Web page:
What’s happening with local pack results in 2020? Which get more clicks – local pack, Google ad or organic search? What should small businesses be doing? Here’s a quick summary…
Appearing in the local pack results is an important part of online success for small local businesses such as pest control companies.
Just in case you don’t know what the local pack results are, they are the three businesses highlighted underneath a location map on the SERPs (search engine results pages) for commercial searches with an obvious location element.
Here’s a SERP for “Pest Control Gold Coast”
For pest control search terms with a commercial intent, this is a common layout for a SERP – up to four ads at the top (here there are two), followed by the local pack, with the organic results “below the fold”, which means they are not visible on the initial screen – you need to scroll down to see them.
How many clicks do local packs results get?
Surprisingly, there is very little comprehensive data comparing the number of clicks on ads, local pack results and organic listings. Neil Patel (SEO guru) carried out a small click study on a single commercial search that contained a local pack and recorded the following proportion of clicks on each element:
- Ads: 19%
- Three local pack business: 44% (primarily on the number one position)
- Local pack “More businesses”: 8%
- Organic results: 29%
Another study from Bright Local suggested the local pack received approximately 30% of clicks, with organic results receiving around 45% of clicks.
Either way, it’s fair to assume that the local pack results get a significant number of clicks. It is also important to note that the proportion of clicks on the paid ads is not insignificant and has increased over the last couple of years. The number of clicks on ads and local packs is not surprising given that they both appear on screen – “above the fold”.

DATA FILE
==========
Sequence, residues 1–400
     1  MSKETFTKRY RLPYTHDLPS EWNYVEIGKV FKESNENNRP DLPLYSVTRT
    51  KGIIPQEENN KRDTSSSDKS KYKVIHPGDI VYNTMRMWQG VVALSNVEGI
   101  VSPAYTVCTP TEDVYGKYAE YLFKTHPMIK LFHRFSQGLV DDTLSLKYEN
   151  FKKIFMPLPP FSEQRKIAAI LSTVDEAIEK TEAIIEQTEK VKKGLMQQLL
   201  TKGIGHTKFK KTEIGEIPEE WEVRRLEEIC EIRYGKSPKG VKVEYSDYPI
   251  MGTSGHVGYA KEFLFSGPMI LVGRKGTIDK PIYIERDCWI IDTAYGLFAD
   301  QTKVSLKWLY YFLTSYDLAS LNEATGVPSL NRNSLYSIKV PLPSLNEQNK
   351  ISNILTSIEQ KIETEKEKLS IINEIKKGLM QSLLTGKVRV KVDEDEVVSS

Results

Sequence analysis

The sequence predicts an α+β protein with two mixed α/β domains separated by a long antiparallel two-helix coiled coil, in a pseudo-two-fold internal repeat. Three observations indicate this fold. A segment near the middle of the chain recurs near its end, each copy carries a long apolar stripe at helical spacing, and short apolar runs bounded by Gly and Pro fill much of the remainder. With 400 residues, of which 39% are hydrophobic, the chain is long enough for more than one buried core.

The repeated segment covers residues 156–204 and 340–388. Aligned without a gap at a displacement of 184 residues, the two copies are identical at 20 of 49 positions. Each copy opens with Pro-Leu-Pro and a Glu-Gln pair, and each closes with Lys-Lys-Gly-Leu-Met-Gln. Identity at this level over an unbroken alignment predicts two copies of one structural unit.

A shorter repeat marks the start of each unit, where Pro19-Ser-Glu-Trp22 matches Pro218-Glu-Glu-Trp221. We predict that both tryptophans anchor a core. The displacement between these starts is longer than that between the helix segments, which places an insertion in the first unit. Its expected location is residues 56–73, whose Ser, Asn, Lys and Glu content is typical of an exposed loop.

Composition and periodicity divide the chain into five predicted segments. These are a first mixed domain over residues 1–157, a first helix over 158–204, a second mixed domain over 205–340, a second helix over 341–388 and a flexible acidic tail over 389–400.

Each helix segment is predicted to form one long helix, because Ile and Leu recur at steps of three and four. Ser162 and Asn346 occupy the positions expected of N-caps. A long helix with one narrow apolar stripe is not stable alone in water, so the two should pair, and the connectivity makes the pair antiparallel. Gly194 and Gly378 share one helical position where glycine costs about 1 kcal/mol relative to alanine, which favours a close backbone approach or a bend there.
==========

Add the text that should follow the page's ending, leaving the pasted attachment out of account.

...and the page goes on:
How do you rank in the local pack results?
So it’s important to appear in the local pack results. Apart from ensuring your NAP – Name, address, phone number – is consistent across the internet, there are a range of factors that will determine your local pack ranking.
Of the local pack ranking factors, Moz list Google My Business signals as the number one ranking factor (with a weighting of approximately 25%), with link signals at number two with a 16.5% weighting and Google review signals – positive, negative and frequency of replies – coming in at number three (with a weighting of approximately 15%).
However, you can’t view local pack SEO as separate to organic SEO. Not only are traditional SEO activities important for organic rankings, Google specifically mention, “Your position in web results is also a factor, so SEO best practices also apply to local search optimisation.”
Watch out for ads in the local pack
Google search ads are increasing in importance, with users becoming increasingly comfortable in clicking on the ads, especially for searches with commercial intent. Search ad results appear at the top of the SERP, but you will have noticed that ads are starting to appear in the local pack. These ads (normally only one) appear above the organic local pack results. Business have the opportunity to appear as the ad in the local pack results if they add a “local extensions” to either their Google search or display ads.
But the local pack results box design may be changing…
Nothing stays still in Google land and Google have been testing some alternative local pack layout designs. One such design that has been trialled in parts of the US, includes a single ad at the top of the results box (under the map), with the organic local results displayed as a horizontal carousel. By default this means a user will only see one and a half businesses, having to scroll across to see more. It remains to be seen if this is rolled out and what impact it will have on clicks, but something to keep your eye on!
In summary, the top three local pack takeaways for 2020 are:
- Local pack rankings are important (but I guess you knew that?)
- … but organic rankings and paid ads are too! (Don’t forget local extensions)
- Keep an eye out for changes to the local pack
Phil Ridley, Director, Bug Doctor Media